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Hiking With Ginger: Beating the Heat

Hiking With Ginger: Beating the Heat

A hiker pours water on his head from a canteen to cool off.

Don’t let steamy summer temps tame your yearn to hike

Let’s face it. It is hot. It’s the familiar August heat that we know here in mid-Missouri. The humidity ranges from manageable to saucy sauna just after you pour water on the steam rocks. Indeed, we cannot deny it. Summer is fully here.

Don’t let the heat keep you inside for the rest of the season. There are ways to beat the heat and still venture outside onto the local trails.

Water. Bring plenty of water on your hiking or biking adventures. Watery snacks like apples and oranges are juicy trail treats. You can also check out some of Columbia’s water-centric trails and do a little lakeside lollygagging. Refer to last month’s edition for lakeside trails and our local Water Trail at Finger Lakes State Park. Whether you are on the water, in the water, or drinking water, water will help keep you cool in the height of the heat.

Timing is everything. Even in August, we can have some delightful mornings in the 70s. Get out early. Not only will you beat the heat, but you will also beat the crowds. Mornings on the trail are peaceful. The birds wake up and sing their morning songs. Life pitter patters through the leaves.

I love morning hikes. Sunrise is spectacular if you can get your eyes open for it. By 10 a.m., depending on the day, it may already be up into the triple digits, so hold off on trail-going in the midday sun. Wait until early evening, after 5 or 6 o’clock when the shadows get longer and the air starts to cool.

Meet Ginger Schweikert, COMO hiker and author

Dusk is another transitory time when the daylight creatures are saying goodnight and the nocturnal beings begin to stir. I am a big fan of night-time walks. On a full moon, try an open hike like Inner Grasslands Trails at Grindstone Nature Area, Garth Nature Area trails, or Forum Nature Area trails. These nature areas are open until 11 p.m. You can use the light of the moon to light your way. You may have to slow down. If you have to use a light, red lights will help maintain your night vision.

Another way to beat the heat of August on the trails is shade, shade, shade. Let me say it one more time: shade. Open trails may be spectacular by the light of the moon, but they are a different story under the rays of the summer sun. Choose a trail with a lot of tree cover.

Thankfully, as the leaves grow and weigh branches down, the shade of tree-lined trails closes in. MKT and Katy Trail are nicely shaded in the summer. These wide gravel paths are great for all levels. My personal summer go-to trail system is Rock Bridge Memorial State Park. You will likely find my blue hair bobbing along Sinkhole, Spring Brook, and Deer Run Trails because these trails have tons of shade, are well-maintained, and are wide enough to keep out the weeds and ticks.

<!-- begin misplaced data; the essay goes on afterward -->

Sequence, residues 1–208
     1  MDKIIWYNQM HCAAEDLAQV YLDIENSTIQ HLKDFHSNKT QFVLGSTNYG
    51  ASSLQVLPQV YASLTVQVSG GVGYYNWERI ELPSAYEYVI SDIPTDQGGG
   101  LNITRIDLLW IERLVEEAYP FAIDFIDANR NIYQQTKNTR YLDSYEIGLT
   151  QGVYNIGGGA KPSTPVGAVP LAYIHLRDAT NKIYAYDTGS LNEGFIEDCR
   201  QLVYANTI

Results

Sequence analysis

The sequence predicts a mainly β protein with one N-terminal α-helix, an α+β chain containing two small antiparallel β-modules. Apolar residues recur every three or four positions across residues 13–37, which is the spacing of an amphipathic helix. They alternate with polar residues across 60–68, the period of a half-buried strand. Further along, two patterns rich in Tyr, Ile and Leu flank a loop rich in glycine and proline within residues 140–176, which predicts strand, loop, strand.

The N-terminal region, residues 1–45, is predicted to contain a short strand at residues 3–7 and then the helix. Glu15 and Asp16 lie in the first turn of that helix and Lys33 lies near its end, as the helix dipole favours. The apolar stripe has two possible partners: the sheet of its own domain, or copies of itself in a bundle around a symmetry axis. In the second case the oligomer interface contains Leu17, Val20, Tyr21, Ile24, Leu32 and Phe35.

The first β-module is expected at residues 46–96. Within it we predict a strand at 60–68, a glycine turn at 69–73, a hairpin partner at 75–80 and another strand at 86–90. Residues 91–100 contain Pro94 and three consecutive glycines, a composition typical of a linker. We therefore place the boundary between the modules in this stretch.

Rock Bridge Getty
Rock Bridge Memorial State Park. Photo—Getty Images

Rock Bridge Memorial State Park also has my number one way to beat the heat of summer: Caves. Missouri is built on limestone bedrock that is more easily dissolved than other rocks. This creates underground cave systems and access to the underworld. Caves hover around 55 degrees Fahrenheit all year-round, offering nature’s air conditioning.

Humans and other animals have used caves to stay cool for as long as we have been in the area. The collapsed cave known as the Rock Bridge is easily accessed from the Devil’s Icebox parking lot. This open tunnel provides cool air to chill out under. Venture along the Devil’s Icebox Trail boardwalk, up and down its many stairs, and reach Devil’s Icebox and Conner’s Cave. Though Devil’s Icebox Cave is closed to the public to protect the endangered bat species that use this cave as their home, Conner’s Cave is open for exploration at the bottom of the stairs and to the left.

You can explore the 166 feet of Conner’s Cave enjoying the cool air and lowering your body temperature. Wear shoes you don’t mind getting wet, watch your head, and please, please, leave no trace. Cave systems are precious, delicate ecosystems. Do your part to help protect Missouri’s underworld.

Regardless of the season, Columbia has trails to enjoy. For a thorough guide of what Columbia’s trails have to offer, check out my book Columbia Trails: Over 300 miles of Hiking, Biking, and Horsing Around in Mid-Missouri. Columbia Trails has maps, descriptions, history, trail difficulty, length, and much more for all the off-pavement trails within 30 minutes to an hour of Columbia. You can find it locally at Yellow Dog Bookshop, Tryathletics, Cyclex, Walt’s Bike Shop, and Alpine Shop. It is available for reference and check out at Daniel Boone Regional Library. Amazon will also deliver it to your door.

For a signed copy and a bonus sticker, stop by and say hello next month at the Zipper Fest Sept. 9 and Mid-Missouri Pride Festival Sept. 23-24 in downtown Columbia.

Stay cool. I hope to see you out there!


COMO has ample hiking options for all skill levels

Overnightin’: Where to find camping close to COMO

Ready to go? Bring on the bikes

Beware of ticks and other itchy trail encounters

Tips for hiking with kids

Lakeside Lollygagging

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